In each crate of peaches we bring to market, there are always at least five bruised and mushy ones that we put in a separate box labeled “seconds.” These are the unwanted and abandoned; the contorted cucumber, the scarred tomato, the dented nectarine.
Thank goodness for these quirky seconds, because the abundance of them has led me to the wonderful world of canning.
In the first decade of the 1800s, the French government offered a reward for someone to come up with a way of preserving food for soldiers. Nicholas Appert, the ‘father of canning,’ was the big winner in 1809. He wrote the first canning cookbook; he started the first canning facility; he even canned a whole sheep, just for show.
Home canning is popular particularly among people who grow food, because the amount of second- and even first-quality produce left over is astounding. Canning is easy, fun, artsy, and safe, if you follow the directions of whatever recipe you’re using. Boiling the jars and adding the right amount of acid, if necessary, to their contents eliminates bacteria (botulism is not a concern if you can follow directions).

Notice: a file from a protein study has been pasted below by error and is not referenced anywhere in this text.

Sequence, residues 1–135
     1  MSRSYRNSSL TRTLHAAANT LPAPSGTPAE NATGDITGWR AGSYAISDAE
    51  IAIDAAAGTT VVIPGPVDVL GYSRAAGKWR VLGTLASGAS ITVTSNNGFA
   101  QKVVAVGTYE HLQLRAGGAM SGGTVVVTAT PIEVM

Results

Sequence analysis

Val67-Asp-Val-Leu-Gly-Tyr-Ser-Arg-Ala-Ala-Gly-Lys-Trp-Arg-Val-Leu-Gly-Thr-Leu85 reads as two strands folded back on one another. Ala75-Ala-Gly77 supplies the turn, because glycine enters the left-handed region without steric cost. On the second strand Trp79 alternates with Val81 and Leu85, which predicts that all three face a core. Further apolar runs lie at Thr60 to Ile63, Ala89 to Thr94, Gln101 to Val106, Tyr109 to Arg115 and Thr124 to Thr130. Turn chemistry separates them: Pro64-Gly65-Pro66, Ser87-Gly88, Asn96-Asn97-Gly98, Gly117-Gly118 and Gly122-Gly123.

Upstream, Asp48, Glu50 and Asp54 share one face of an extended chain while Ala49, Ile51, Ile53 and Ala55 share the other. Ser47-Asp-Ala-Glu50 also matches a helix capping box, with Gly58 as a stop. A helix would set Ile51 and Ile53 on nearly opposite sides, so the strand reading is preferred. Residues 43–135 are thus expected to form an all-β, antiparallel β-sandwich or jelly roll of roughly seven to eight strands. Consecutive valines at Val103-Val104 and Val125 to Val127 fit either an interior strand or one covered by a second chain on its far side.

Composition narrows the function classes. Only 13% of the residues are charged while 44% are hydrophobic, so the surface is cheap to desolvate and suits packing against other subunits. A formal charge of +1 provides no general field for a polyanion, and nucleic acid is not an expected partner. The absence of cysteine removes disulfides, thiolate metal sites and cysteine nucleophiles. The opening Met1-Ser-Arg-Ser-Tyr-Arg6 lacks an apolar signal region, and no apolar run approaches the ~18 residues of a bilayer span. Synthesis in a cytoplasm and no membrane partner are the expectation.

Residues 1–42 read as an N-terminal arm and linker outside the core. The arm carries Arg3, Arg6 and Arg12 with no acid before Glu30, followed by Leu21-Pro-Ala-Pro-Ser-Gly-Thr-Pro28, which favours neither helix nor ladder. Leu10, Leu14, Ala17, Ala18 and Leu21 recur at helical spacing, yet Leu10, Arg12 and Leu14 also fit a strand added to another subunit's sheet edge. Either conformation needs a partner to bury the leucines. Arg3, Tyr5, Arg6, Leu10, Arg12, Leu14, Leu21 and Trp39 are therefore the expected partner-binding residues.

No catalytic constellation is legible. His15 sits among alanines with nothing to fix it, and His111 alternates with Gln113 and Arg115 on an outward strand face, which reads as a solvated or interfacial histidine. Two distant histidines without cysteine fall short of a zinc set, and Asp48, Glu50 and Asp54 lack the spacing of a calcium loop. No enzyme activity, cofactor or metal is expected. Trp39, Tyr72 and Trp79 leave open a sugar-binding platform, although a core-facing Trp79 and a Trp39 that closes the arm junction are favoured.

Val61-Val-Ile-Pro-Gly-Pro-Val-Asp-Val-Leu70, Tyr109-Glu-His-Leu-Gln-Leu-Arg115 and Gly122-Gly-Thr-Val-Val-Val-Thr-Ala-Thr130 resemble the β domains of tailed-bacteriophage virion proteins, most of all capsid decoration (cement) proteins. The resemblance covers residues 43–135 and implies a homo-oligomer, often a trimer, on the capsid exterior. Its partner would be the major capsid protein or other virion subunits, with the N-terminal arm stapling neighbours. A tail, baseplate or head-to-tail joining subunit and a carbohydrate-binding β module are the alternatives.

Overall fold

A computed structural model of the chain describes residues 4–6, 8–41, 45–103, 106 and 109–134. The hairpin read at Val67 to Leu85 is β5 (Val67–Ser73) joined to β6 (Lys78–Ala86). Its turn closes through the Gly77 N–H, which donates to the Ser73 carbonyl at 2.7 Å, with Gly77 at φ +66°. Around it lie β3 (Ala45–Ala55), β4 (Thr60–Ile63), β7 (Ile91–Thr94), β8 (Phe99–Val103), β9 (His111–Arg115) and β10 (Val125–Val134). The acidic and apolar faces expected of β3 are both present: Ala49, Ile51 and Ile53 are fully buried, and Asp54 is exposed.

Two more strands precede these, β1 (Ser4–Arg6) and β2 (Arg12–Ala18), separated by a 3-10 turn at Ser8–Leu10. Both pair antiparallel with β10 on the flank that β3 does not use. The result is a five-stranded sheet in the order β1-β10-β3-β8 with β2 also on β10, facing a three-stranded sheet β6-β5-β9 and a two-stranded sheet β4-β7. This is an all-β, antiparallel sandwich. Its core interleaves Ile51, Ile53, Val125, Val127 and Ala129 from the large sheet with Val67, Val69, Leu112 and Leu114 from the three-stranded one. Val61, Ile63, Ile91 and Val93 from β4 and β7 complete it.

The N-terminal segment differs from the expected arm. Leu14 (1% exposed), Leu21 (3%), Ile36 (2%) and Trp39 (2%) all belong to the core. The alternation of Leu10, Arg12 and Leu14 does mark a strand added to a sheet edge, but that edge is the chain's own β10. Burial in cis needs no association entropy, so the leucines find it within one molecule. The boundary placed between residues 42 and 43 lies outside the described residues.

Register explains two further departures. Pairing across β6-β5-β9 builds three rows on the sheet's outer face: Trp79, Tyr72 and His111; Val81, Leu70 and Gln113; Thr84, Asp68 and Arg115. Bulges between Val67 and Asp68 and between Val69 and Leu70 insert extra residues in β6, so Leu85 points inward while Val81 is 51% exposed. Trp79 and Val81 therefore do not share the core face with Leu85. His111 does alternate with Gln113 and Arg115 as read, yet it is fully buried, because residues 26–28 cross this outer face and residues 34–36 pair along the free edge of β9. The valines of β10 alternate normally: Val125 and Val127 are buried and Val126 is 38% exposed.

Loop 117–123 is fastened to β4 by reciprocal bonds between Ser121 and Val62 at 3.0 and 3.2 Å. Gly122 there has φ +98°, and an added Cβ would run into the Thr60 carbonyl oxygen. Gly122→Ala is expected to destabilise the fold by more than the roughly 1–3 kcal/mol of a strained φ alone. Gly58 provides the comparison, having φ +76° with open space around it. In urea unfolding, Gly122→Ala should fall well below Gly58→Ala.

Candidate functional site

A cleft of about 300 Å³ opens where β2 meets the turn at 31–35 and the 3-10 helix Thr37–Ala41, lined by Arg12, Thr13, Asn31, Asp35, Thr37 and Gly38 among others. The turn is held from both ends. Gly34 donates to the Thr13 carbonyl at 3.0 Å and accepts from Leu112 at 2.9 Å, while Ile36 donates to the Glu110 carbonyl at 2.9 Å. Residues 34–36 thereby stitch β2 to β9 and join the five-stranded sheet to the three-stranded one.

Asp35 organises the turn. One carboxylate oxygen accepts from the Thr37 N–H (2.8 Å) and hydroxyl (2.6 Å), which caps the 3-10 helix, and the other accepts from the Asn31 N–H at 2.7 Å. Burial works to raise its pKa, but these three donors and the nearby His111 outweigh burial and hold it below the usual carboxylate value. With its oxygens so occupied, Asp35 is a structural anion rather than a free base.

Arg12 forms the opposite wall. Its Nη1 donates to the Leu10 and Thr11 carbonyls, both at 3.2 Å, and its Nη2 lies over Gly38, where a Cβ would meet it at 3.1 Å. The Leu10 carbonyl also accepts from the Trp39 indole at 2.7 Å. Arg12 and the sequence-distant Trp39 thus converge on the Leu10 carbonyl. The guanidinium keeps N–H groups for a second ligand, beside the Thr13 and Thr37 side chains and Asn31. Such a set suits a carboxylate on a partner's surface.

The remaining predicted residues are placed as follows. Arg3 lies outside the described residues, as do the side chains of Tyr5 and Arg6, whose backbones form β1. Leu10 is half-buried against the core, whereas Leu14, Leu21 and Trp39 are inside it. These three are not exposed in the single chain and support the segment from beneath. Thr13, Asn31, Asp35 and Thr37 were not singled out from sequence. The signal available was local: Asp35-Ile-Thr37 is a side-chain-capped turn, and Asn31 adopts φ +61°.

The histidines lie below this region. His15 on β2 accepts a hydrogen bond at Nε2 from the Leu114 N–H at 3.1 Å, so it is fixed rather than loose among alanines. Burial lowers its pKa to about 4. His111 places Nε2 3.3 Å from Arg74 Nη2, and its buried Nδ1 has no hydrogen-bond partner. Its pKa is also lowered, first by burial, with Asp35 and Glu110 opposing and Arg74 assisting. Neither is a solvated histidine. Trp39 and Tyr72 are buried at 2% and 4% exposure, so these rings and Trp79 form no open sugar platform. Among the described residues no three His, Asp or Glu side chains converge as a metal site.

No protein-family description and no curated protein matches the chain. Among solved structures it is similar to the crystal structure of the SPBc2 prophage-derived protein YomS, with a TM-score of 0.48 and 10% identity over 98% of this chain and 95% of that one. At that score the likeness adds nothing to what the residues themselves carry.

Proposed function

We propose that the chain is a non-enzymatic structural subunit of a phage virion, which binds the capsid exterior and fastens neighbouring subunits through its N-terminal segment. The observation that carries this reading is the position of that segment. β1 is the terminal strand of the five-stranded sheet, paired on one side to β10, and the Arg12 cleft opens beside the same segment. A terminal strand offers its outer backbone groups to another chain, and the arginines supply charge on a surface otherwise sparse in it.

Actually, you don’t even need a canner to can basic stuff. A canner is basically a big pot with a shelf that keeps your glass jars from knocking around in the boiling water. You can just use a pot with a towel in the bottom; that’s how I did my first batch of ginger peach jam of the season. Check this website out if you’re interested in canning!
If you’re still intimidated by canning (don’t be!), did you know you can make jam without a canner? Follow a recipe for “freezer jam,” stick the jars in the freezer, and pull them out whenever you want some jam on your homemade pound cake.
And here’s a tip for you beginning canners or canning enthusiasts: many farmers have so much second quality produce that they would LOVE to sell to you with a discount. At the farmers market, approach your farmers with an offer: you’ll buy all of the second quality tomatoes or peaches or cucumbers next week, 20% off the regular price. Then, make tomato sauce, peach preserves, and pickles that will last you all year!